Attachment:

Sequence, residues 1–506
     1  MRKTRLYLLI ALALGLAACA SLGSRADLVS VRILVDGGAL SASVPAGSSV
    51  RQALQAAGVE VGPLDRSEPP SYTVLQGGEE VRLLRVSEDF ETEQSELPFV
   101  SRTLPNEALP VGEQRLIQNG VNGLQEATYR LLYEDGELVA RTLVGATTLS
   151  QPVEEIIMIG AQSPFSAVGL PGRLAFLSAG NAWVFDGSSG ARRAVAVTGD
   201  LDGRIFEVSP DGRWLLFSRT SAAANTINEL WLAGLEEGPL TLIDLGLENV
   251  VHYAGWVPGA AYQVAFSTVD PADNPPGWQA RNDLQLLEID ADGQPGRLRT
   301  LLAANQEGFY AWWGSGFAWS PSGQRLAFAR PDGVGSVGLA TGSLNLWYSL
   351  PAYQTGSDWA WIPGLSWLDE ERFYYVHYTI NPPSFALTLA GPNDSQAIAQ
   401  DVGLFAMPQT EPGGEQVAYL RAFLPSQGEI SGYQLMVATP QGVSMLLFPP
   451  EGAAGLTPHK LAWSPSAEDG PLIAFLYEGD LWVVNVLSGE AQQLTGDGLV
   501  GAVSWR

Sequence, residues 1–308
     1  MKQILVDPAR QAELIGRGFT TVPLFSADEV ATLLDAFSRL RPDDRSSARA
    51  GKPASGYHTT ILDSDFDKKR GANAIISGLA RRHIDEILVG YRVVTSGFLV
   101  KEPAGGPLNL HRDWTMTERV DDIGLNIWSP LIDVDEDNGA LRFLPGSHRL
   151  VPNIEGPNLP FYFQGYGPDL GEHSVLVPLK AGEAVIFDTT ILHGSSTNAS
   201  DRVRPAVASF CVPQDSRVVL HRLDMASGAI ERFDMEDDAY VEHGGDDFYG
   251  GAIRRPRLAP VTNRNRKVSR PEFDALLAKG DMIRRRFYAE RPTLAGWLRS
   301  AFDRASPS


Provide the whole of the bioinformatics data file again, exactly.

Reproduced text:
Sequence, residues 1–506
     1  MRKTRLYLLI ALALGLAACA SLGSRADLVS VRILVDGGAL SASVPAGSSV
    51  RQALQAAGVE VGPLDRSEPP SYTVLQGGEE VRLLRVSEDF ETEQSELPFV
   101  SRTLPNEALP VGEQRLIQNG VNGLQEATYR LLYEDGELVA RTLVGATTLS
   151  QPVEEIIMIG AQSPFSAVGL PGRLAFLSAG NAWVFDGSSG ARRAVAVTGD
   201  LDGRIFEVSP DGRWLLFSRT SAAANTINEL WLAGLEEGPL TLIDLGLENV
   251  VHYAGWVPGA AYQVAFSTVD PADNPPGWQA RNDLQLLEID ADGQPGRLRT
   301  LLAANQEGFY AWWGSGFAWS PSGQRLAFAR PDGVGSVGLA TGSLNLWYSL
   351  PAYQTGSDWA WIPGLSWLDE ERFYYVHYTI NPPSFALTLA GPNDSQAIAQ
   401  DVGLFAMPQT EPGGEQVAYL RAFLPSQGEI SGYQLMVATP QGVSMLLFPP
   451  EGAAGLTPHK LAWSPSAEDG PLIAFLYEGD LWVVNVLSGE AQQLTGDGLV
   501  GAVSWR

Sequence, residues 1–308
     1  MKQILVDPAR QAELIGRGFT TVPLFSADEV ATLLDAFSRL RPDDRSSARA
    51  GKPASGYHTT ILDSDFDKKR GANAIISGLA RRHIDEILVG YRVVTSGFLV
   101  KEPAGGPLNL HRDWTMTERV DDIGLNIWSP LIDVDEDNGA LRFLPGSHRL
   151  VPNIEGPNLP FYFQGYGPDL GEHSVLVPLK AGEAVIFDTT ILHGSSTNAS
   201  DRVRPAVASF CVPQDSRVVL HRLDMASGAI ERFDMEDDAY VEHGGDDFYG
   251  GAIRRPRLAP VTNRNRKVSR PEFDALLAKG DMIRRRFYAE RPTLAGWLRS
   301  AFDRASPS